Technology & Science

Renewable power will grow 50% in next 5 years, IEA says

Global renewable energy capacity is set to rise by 50 per cent in five years, driven by solar photovoltaic (PV) installations on homes, buildings and industry, according to the International Energy Agency (IEA).

Solar power will account for nearly 60% of growth, followed by onshore wind

The International Energy Agency predicts global renewable power capacity will grow 50 per cent in the next five years, with 60 per cent of the growth coming from solar and 25 per cent from onshore wind. (CBC News)

Global renewable energy capacity is set to rise by 50 per cent in five years, driven by solar photovoltaic (PV) installations on homes, buildings and industry, according to the International Energy Agency (IEA).

Total renewable-based power capacity will rise by 1.2 terawatts (TW) by 2024 from 2.5 TW last year, equivalent to the total installed current power capacity of the United States.

Solar PV will account for nearly 60 per cent of this growth and onshore wind 25 per cent, the IEA's annual report on global renewables showed.

The share of renewables in power generation is expected to rise to 30 per cent in 2024 from 26 per cent today.

Falling technology costs and more effective government policies have helped to drive the higher forecasts for renewable capacity deployment since last year's report, the IEA said.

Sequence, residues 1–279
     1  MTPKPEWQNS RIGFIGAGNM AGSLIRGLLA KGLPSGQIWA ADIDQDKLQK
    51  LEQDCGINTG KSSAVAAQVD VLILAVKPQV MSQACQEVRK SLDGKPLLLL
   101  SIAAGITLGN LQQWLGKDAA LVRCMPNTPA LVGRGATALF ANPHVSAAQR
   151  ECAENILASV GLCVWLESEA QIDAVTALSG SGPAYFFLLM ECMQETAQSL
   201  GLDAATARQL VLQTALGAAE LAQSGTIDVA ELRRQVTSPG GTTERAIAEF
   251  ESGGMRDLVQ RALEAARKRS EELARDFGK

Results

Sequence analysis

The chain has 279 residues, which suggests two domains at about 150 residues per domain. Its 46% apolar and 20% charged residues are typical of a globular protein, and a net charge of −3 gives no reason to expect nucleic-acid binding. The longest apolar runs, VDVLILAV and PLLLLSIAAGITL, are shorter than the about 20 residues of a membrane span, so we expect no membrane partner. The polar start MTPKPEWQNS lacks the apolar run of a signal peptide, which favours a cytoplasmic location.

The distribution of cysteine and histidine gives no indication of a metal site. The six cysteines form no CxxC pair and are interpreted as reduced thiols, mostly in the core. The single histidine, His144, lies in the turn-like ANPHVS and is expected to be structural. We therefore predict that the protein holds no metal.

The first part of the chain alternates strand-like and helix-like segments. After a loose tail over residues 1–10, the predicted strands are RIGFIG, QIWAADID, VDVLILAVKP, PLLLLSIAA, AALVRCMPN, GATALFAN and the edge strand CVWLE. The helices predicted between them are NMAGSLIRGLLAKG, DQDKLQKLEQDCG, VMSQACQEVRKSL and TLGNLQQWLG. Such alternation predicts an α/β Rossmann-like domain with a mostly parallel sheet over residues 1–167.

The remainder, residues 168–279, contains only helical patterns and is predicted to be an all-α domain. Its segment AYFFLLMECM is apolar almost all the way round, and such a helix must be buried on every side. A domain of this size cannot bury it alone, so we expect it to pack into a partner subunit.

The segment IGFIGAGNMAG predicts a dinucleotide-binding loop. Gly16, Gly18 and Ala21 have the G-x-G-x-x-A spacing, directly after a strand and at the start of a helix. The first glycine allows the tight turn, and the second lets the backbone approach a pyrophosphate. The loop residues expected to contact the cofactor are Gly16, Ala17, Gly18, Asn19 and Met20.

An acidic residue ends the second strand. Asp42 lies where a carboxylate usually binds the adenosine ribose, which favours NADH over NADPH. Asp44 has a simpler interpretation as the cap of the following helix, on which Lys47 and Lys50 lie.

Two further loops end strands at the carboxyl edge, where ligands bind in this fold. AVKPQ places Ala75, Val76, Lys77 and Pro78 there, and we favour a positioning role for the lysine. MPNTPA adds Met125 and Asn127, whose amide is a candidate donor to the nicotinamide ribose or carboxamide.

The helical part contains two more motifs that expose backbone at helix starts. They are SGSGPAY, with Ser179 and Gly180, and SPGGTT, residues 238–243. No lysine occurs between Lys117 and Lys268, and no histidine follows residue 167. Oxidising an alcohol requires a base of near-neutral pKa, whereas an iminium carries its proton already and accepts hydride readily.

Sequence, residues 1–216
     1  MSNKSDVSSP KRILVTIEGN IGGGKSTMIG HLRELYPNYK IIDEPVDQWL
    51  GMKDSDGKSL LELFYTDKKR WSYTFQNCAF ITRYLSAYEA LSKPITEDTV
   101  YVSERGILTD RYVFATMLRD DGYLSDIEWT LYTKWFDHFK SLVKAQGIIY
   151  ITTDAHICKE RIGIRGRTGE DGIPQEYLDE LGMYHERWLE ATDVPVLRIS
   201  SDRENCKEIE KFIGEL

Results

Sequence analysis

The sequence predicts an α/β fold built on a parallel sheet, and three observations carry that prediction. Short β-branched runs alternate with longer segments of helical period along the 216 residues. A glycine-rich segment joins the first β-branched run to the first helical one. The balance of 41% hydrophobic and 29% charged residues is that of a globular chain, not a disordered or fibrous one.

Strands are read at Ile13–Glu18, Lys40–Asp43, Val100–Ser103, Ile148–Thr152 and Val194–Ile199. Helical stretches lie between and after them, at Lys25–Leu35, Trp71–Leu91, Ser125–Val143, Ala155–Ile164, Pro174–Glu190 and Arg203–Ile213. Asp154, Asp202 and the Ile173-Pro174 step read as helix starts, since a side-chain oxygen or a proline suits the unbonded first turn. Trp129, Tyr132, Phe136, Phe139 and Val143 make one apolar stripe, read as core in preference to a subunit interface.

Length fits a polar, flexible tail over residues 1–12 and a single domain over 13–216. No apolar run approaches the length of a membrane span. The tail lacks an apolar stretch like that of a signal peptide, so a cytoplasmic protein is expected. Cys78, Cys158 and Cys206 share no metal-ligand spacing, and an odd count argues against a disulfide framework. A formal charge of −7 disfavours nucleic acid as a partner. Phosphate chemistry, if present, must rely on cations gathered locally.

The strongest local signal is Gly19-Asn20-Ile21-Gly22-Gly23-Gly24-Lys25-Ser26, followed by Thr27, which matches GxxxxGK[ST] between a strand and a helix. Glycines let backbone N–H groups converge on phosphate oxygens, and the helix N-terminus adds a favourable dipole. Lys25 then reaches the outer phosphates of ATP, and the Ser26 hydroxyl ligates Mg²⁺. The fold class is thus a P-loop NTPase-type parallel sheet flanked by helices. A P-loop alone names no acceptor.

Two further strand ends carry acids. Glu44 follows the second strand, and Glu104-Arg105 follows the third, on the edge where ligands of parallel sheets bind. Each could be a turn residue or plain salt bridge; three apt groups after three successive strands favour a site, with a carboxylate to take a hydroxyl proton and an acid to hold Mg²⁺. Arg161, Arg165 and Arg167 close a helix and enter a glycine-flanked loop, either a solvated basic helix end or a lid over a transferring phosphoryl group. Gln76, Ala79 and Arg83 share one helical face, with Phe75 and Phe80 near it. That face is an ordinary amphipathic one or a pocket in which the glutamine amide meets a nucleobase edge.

"Renewables are already the world's second largest source of electricity, but their deployment still needs to accelerate if we are to achieve long-term climate, air quality and energy access goals," said Fatih Birol, the IEA's executive director.

"As costs continue to fall, we have a growing incentive to ramp up the deployment of solar PV," he added.

A vehicle drives past the solar panels near wind turbines at a wind and solar energy storage and transmission power station of State Grid Corporation of China, in Zhangjiakou of Hebei province, on March 18, 2016. The share of renewables in power generation is expected to rise to 30 per cent in 2024 from 26 per cent today. (Jason Lee/Reuters)

The cost of generating electricity from distributed solar PV (PV systems on homes, commercial buildings and industry) is already below retail electricity prices in most countries.

Solar PV generation costs are expected to decline a further 15 per cent to 35 per cent by 2024, making the technology more attractive for adoption, the IEA said.

However, policy and tariff reforms are needed to ensure solar PV growth is sustainable and avoid disruption to electricity markets and higher energy costs, the report said.